Application of Level Set Method for Simulating Kelvin-Helmholtz Instability Including Viscous and Surface Tension Effects

Ashraf Balabel^{*}

Mechanical Engineering Dept., Taif University, Taif, Hawiyya, Kingdom of Saudi Arabia

Abstract

In the present paper, the hydrodynamic instability known as Kelvin-Helmholtz instability is numerically investigated with the application of the level set method. First, the classical Kelvin-Helmholtz instability, which is concerned with the topological changes of interface separating two immiscible, incompressible and inviscid fluids (normally liquid/gas) in irrotational and relative motion, is predicted. Further, as in real flow, the effects of viscosity and surface tension are included. The numerical strategy is based on the solution of Navier-Stokes equations over a regular and structured two-dimensional computational grid using the control volume approach in both phases with a separate manner. The kinematic and the dynamic boundary conditions between the two phases are applied on the interface. The transient evolution of the interface due to the different surface forces is predicted by the level set method. The obtained results showed that the roll-up mechanism starting at the interface is largely affected by the different flow regimes considered. The inclusion of the viscous force can lead to a weakened roll-up mechanism. Moreover, the finite surface tension force can prevent the roll-up mechanism compared with classical Kelvin-Helmholtz instability.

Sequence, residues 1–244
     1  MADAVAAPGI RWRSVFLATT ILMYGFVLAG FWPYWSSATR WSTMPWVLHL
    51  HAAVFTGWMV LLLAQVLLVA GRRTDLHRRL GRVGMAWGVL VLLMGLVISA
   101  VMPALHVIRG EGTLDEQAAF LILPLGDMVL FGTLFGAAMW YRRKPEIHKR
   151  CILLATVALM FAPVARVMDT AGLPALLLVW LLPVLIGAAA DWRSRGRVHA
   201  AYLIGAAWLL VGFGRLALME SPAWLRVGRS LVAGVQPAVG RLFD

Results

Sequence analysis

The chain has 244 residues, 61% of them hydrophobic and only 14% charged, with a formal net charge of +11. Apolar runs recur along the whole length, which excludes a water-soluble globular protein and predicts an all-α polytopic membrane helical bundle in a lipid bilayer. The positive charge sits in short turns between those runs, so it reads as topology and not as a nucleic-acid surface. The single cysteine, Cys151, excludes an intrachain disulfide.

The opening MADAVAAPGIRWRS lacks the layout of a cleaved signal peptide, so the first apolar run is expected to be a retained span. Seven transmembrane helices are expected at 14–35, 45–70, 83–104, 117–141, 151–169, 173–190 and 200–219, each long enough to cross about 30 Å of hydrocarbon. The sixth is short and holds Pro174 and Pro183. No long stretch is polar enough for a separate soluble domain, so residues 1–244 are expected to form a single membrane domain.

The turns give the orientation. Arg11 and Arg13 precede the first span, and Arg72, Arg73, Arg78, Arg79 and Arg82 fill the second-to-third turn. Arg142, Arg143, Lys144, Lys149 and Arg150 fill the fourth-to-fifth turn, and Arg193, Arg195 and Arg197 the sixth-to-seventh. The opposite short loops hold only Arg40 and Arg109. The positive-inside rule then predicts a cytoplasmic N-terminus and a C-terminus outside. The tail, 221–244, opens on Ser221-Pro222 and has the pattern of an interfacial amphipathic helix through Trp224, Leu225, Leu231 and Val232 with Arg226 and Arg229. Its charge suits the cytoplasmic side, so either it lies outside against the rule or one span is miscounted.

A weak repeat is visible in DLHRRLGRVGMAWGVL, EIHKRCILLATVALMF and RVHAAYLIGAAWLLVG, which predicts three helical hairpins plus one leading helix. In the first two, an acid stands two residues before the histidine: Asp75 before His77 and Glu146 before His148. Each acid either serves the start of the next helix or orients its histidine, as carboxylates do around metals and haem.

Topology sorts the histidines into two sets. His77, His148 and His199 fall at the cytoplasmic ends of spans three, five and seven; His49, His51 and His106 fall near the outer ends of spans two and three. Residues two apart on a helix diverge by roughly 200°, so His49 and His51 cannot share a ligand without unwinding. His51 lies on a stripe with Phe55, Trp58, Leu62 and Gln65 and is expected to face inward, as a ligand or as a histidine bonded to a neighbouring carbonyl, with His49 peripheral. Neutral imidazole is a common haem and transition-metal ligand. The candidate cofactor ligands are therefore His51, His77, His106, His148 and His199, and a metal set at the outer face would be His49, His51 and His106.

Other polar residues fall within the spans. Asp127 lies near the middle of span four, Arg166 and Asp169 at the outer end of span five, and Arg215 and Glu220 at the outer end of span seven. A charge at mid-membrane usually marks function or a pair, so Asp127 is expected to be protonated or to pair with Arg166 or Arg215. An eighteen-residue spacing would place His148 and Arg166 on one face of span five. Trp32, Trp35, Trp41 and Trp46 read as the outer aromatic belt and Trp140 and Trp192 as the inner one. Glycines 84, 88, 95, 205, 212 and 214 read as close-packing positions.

Keywords

Kelvin-Helmholtz Instability, Level Set Method, Numerical Simulation, Surface Tension, Two-Phase Flow

Received: March 7, 2015

Accepted: March 20, 2015

Published online: March 23, 2015

@ 2015 The Authors. Published by American Institute of Science. This Open Access article is under the CC BY-NC license. http://creativecommons.org/licenses/by-nc/4.0/

1. Introduction

Many of industrial and engineering applications encounter a large number of two phase flows; e.g. atomization of liquid jets [1], droplet dynamics [2], bubble flow [3], and other multiphase flow systems [4].

The nonlinear stability of an interface between two incompressible, inviscid and irrotational fluids containing a velocity discontinuity remains a considerable challenge to mathematicians and numerical analysts. Helmholtz [5] was the first to remark on the instability of those interfaces. Kelvin [6] has discussed the conditions under which a plane surface of water becomes unstable. As a result of the velocity discontinuity presented initially in the flow, a vortex flow is produced and the motion of the interface is subjected to a well-known Kelvin-Helmholtz instability (KHI).

The basic mechanism of KHI development is in the existence of a uniform velocity shear between two different fluids. In most cases, the surface tension and viscosity are neglected in order to simplify the theoretical and numerical calculations and, consequently, KHI is considered as a fluid instability that a lighter fluid is superposed on a heavier one. The including of the gravity force or the density stratification, without any uniform shear considered, leads to the well known cases of Rayleigh-Taylor Instability or Richtmyer-Meshkov Instability.